While bipolar disorder can often be mistaken for moodiness or mood swings, it is a serious mental health condition. While there can be many signs and symptoms of bipolar disorder, a clinical diagnosis of bipolar disorder is required to meet certain criteria.
There is no clear biomarker or blood test that can be used to determine if someone has bipolar disorder, which can make the diagnosing process complex. Bipolar screening and diagnosis require several steps, and the process is guided by strict regulations and criteria. Screening for bipolar disorder is done by a psychiatrist who uses clinical assessment tools to help evaluate symptoms.
A psychiatrist can help you compare your symptoms to those that match the criteria for bipolar disorder. While recognizing the signs of bipolar may seem straightforward, accurate screening and diagnosis require a trained medical professional.
Clinical Assessment Tools
To measure and understand a patient’s symptoms, psychiatrists use a set of tools in their assessment. These are usually questionnaires or interviews that have been developed and tested to capture relevant symptoms for a diagnosis of bipolar disorder.
Bipolar screening tools have been developed so that they are easy to use and can ensure the correct diagnosis. The tools used to diagnose bipolar are designed as a semi-structured interview. This means that the interview will not necessarily follow a set list of questions, but will include open-ended questions and discussion. Examples of these tools include the Structured Clinical Interview for DSM-5 (SCID) and the Schedule for Affective Disorders and Schizophrenia (SADS).
These tools are similar, but use different diagnostic manuals as their guide. They provide question prompts during the interview process to guide the interviewer. These prompts will often ask the interviewee about their experiences, thoughts, symptoms that would rule out a diagnosis of bipolar disorder. These tools have certain thresholds for a clinical diagnosis.
Self-report measures, or questionnaires that are filled out directly by the patient, can help a psychiatrist get an idea of a person’s symptoms or how they may change over time. While self-assessments for bipolar disorder can be a guide or record of symptoms, they are not the gold-standard for a formal diagnosis.
Administering bipolar screening questions can be time-consuming, and a health professional may not have adequate training or resources to conduct an interview. In this case, self-assessment for bipolar disorder can be a useful tool in obtaining a formal diagnosis. There are a few common measures used, including the General Behavior Inventory and Mood Disorder Questionnaire.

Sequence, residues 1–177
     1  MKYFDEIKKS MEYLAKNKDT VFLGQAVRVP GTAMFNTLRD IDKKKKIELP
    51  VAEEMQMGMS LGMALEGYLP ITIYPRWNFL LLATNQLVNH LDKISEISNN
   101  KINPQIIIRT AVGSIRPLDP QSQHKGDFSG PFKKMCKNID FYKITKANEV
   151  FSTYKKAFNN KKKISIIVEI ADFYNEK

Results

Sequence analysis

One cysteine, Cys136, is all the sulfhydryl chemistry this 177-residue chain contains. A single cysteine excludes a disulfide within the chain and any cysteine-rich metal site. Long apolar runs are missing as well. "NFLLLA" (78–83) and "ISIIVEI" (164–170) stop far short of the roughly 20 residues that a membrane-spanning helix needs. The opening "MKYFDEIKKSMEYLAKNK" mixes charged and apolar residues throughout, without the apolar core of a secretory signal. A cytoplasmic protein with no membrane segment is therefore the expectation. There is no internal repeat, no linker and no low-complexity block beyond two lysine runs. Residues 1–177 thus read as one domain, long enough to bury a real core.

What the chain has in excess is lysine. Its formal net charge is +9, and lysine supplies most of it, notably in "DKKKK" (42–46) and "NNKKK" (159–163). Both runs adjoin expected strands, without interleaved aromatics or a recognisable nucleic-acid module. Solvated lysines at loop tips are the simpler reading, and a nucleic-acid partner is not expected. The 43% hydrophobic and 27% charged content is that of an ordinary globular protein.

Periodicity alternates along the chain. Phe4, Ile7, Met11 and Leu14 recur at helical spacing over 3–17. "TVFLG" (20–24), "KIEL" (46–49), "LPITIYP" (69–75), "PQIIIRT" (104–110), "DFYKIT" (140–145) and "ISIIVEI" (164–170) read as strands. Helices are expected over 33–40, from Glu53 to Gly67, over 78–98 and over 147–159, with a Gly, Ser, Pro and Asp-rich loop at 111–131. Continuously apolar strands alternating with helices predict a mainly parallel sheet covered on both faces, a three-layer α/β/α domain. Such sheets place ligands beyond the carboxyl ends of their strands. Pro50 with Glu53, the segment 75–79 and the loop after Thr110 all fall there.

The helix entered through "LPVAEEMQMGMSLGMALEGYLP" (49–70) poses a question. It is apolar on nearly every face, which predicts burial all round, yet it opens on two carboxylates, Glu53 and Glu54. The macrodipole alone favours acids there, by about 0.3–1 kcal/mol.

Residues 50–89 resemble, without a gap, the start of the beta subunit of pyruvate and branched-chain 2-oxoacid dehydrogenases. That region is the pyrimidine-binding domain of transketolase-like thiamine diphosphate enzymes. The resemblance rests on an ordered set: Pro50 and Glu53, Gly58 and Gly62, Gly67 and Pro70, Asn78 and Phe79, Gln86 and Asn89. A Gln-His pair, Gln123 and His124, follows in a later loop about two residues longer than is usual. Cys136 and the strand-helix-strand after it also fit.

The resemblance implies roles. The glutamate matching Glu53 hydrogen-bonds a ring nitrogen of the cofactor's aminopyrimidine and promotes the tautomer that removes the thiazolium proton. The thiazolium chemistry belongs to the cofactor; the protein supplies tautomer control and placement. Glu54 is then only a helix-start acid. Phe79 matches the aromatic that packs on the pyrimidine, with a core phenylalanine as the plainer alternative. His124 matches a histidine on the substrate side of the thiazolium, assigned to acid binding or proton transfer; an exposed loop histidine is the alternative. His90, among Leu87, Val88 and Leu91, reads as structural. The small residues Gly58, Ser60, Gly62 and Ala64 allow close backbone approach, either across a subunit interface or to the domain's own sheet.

These measures ask questions about symptoms, where patients report if, how often and how intensely they experience those symptoms. The total score is added up to assess whether bipolar disorder is likely to present.
Mental disorders often have a lot of overlap. Accurately diagnosing them is complicated and requires years of training. Self-report measures can be helpful, but should not be the only tool used for diagnosis.
Diagnostic Assessment of Bipolar II
Bipolar II follows a similar pattern to the more well-known bipolar disorder. This form of bipolar disorder includes depressive periods as well as periods of hypomania, which are less severe than full manic episodes. Because the manic phase is less extreme, bipolar II can be more difficult to recognize and diagnose.
Diagnosis of bipolar II can be made using semi-structured interviews like the SCID. Bipolar II can often be misdiagnosed or mistreated, which can worsen symptoms and outcomes. It’s important that this assessment is done by a trained psychiatrist to ensure it is as accurate as possible.
Assessment of Symptom Severity
Once a diagnosis of bipolar disorder is given, it’s important to track symptoms over time to assess whether treatment is effective. This is mainly done by a clinician interviewing their patients on their symptoms and how often and severely they experience them. Two common tools used to monitor symptoms are the Young Mania Rating Scale (YMRS) and the Bech-Rafaelsen Mania Rating Scale (MAS).
Tracking symptoms is an important part of bipolar disorder treatment. If symptoms worsen over time, this can prompt an adjustment in medication or therapy.
Misdiagnosis of Bipolar Disorder
Many types of mental disorders have similar symptoms, like changes in mood and behavior. Often, the differences between one disorder and another are subtle. Bipolar disorder, characterized by both a depressive and manic phase, shares similarities with disorders like depression, personality disorders or even schizophrenia.
A misdiagnosis of bipolar disorder can be harmful, as it can lead to the wrong treatment or no treatment at all. To avoid misdiagnosis, it’s important to be assessed by a trained professional.
If you suspect that you or someone you care about may be suffering from a substance use disorder as a result of bipolar disorder, contact The Recovery Village today to discuss treatment options.
Miller, Christopher J., et al. “Assessment Tools for Adult Bipolar Disorder.” Clinical Psychology, June 1, 2009. Accessed August 21, 2019. Findling, Robert L., et al. “Clinical decision-making using the General Behavior Inventory in juvenile bipolarity.” Bipolar Disorders, 2002. Accessed August 21, 2019. Psychology Tools. Young Mania Rating Scale. Accessed September 3, 2019.
Miller, Christopher J., et al. “Assessment Tools for Adult Bipolar Disorder.” Clinical Psychology, June 1, 2009. Accessed August 21, 2019.
Findling, Robert L., et al. “Clinical decision-making using the General Behavior Inventory in juvenile bipolarity.” Bipolar Disorders, 2002. Accessed August 21, 2019.
Psychology Tools. Young Mania Rating Scale. Accessed September 3, 2019.